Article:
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Technical Brief

Effect of Axial Stretch on Lumen Collapse of Arteries

[+] Author and Article Information
Fatemeh Fatemifar

Department of Mechanical Engineering,
The University of Texas at San Antonio,
San Antonio, TX 78249
e-mail: fatemeh.fatemifar@utsa.edu

Hai-Chao Han

Fellow ASME
Department of Mechanical Engineering,
The University of Texas at San Antonio,
San Antonio, TX 78249
e-mail: hchan@utsa.edu

1Corresponding author.

Manuscript received March 23, 2016; final manuscript received September 10, 2016; published online November 3, 2016. Assoc. Editor: Jeffrey Ruberti.

J Biomech Eng 138(12), 124503 (Nov 03, 2016) (6 pages) Paper No: BIO-16-1113; doi: 10.1115/1.4034785 History: Received March 23, 2016; Revised September 10, 2016

The stability of the arteries under in vivo pressure and axial tension loads is essential to normal arterial function, and lumen collapse due to buckling can hinder the blood flow. The objective of this study was to develop the lumen buckling equation for nonlinear anisotropic thick-walled arteries to determine the effect of axial tension. The theoretical equation was developed using exponential Fung strain function, and the effects of axial tension and residual stress on the critical buckling pressure were illustrated for porcine coronary arteries. The buckling behavior was also simulated using finite-element analysis. Our results demonstrated that lumen collapse of arteries could occur when the transmural pressure is negative and exceeded a critical value. This value depends upon the axial stretch ratio and material properties of the arterial wall. Axial tensions show a biphasic effect on the critical buckling pressure. The lumen aspect ratio of arteries increases nonlinearly with increasing external pressure beyond the critical value as the lumen collapses. These results enhance our understanding of artery lumen collapse behavior.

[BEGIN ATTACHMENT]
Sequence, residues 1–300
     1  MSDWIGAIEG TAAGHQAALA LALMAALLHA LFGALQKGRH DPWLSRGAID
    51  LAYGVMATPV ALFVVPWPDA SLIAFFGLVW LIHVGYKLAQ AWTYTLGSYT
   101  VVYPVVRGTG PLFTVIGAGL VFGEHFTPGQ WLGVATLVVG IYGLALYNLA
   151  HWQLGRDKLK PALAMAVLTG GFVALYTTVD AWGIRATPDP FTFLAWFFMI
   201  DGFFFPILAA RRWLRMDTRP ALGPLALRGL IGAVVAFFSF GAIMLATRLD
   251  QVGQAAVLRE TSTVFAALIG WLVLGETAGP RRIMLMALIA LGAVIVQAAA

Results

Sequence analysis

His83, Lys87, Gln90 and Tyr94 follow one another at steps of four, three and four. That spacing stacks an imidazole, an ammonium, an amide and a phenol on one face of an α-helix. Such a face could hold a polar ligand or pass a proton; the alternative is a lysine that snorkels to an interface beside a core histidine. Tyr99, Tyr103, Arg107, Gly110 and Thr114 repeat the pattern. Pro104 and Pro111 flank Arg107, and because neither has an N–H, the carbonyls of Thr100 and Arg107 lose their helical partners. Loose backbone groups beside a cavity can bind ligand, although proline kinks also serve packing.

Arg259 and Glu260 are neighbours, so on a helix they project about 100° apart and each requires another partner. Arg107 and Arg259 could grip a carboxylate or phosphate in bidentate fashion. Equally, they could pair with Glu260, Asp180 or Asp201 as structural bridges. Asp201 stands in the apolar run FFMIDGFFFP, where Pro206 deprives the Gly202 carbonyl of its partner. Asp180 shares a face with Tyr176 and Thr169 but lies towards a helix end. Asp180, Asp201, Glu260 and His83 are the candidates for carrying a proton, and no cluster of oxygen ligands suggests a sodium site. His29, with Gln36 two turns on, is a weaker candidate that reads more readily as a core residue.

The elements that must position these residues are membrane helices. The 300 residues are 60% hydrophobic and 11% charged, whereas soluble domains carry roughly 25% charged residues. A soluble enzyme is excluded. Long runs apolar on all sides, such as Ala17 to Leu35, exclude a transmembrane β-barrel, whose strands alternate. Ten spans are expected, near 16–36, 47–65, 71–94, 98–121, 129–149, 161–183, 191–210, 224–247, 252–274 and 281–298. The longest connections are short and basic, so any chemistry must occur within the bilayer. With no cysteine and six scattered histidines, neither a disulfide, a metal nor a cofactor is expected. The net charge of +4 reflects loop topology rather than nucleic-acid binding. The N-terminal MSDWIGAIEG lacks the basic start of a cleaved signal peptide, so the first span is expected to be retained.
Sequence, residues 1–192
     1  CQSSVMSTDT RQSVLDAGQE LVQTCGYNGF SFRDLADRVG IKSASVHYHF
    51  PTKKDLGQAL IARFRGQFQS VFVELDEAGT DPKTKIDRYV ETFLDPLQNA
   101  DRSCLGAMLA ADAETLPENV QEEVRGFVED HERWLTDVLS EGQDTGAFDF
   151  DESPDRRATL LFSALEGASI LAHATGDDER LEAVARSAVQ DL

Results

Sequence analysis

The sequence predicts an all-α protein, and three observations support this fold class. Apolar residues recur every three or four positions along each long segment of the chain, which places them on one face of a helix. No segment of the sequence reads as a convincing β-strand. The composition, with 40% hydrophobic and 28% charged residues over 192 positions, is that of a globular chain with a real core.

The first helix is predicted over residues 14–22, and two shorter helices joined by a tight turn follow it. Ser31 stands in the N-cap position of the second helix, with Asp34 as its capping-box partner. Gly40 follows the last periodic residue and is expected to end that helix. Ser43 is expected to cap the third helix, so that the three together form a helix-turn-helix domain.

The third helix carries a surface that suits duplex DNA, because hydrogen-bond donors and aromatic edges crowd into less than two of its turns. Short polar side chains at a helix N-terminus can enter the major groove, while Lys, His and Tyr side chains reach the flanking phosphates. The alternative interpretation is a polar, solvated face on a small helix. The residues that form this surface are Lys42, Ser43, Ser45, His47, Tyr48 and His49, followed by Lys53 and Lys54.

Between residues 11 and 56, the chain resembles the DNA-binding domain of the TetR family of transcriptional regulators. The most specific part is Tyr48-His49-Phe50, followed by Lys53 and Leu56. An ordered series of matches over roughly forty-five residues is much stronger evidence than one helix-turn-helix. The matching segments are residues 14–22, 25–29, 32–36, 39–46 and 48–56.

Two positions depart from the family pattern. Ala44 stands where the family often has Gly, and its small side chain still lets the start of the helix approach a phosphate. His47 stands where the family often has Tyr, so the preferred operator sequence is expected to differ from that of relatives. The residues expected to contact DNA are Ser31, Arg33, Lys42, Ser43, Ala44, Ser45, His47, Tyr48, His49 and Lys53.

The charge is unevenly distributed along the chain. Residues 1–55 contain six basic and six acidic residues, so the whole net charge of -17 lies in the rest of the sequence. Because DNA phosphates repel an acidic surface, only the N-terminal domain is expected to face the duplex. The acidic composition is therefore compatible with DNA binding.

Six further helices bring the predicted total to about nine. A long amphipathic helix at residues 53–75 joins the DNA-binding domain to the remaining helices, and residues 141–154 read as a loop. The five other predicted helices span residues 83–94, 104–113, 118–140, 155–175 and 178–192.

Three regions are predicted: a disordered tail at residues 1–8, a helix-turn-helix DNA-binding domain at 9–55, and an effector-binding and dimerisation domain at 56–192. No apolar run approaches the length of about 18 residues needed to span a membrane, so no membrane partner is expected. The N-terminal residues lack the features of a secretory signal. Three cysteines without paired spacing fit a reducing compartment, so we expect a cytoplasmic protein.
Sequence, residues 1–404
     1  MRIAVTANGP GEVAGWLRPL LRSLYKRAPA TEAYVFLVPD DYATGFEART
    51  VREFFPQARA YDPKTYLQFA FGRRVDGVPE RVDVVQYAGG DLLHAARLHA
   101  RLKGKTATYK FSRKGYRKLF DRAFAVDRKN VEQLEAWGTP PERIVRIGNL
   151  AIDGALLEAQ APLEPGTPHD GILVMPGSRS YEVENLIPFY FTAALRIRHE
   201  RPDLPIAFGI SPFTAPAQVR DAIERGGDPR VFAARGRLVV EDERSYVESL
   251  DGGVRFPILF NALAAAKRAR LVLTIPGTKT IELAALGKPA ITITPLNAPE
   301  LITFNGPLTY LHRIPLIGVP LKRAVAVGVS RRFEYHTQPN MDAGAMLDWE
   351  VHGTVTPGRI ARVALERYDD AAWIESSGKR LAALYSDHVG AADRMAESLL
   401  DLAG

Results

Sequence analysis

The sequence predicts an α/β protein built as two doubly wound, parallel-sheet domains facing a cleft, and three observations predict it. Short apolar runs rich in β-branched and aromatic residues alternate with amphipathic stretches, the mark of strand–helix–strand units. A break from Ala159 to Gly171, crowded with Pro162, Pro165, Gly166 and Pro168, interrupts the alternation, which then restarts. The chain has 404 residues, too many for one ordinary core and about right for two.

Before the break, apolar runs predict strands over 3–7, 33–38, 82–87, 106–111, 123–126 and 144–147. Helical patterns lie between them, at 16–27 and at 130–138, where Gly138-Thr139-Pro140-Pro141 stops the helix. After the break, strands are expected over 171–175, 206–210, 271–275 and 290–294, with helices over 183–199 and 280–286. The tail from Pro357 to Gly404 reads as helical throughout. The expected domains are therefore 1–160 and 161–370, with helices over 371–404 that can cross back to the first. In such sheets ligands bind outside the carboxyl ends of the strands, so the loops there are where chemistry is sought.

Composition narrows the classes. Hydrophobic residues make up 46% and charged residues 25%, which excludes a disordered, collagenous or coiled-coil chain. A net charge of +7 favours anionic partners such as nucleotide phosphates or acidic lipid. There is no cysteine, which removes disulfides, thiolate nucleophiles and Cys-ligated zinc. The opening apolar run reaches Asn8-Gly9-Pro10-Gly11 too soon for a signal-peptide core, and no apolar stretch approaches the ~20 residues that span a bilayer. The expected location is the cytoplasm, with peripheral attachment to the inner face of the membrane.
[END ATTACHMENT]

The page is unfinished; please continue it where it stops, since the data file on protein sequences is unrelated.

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References

Figures

Grahic Jump Location
Fig. 1

Schematic of a sector of an artery cross section deforming from circular configuration into buckled configuration. When the artery is under an internal pressure (pi) and an external pressure (pe), the inner radius and the outer radius are (ri) and (re), respectively. The deformation is based on the plane assumption of curved beam bending, with (rm) and (ρm) denoting the radius of the neutral axis in the circular and buckled states.

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Fig. 2

Comparison of the critical buckling pressures obtained by theoretical model equations (theory) and by FEA simulations (FEA) for five porcine coronary arteries (artery 1–5 in Table 1) at various axial stretch ratios

Grahic Jump Location
Fig. 3

Change of the critical buckling pressure with opening angle (2 Θ0): (a) artery no. 1 at an axial stretch ratio = 1.1 and (b) artery no. 2 at an axial stretch ratio = 1.5

Grahic Jump Location
Fig. 4

Deformation of an artery under increasing external pressure. (a) Cross-sectional views from left to right: under no load, axially stretched, under a small pressure without buckling, slightly buckled, and postbuckling. (b) Aspect ratio of the lumen (major to minor axis ratio) plotted with pressure for different axial stretch ratios. (c) Lumen area plotted with pressure for different axial stretch ratios.

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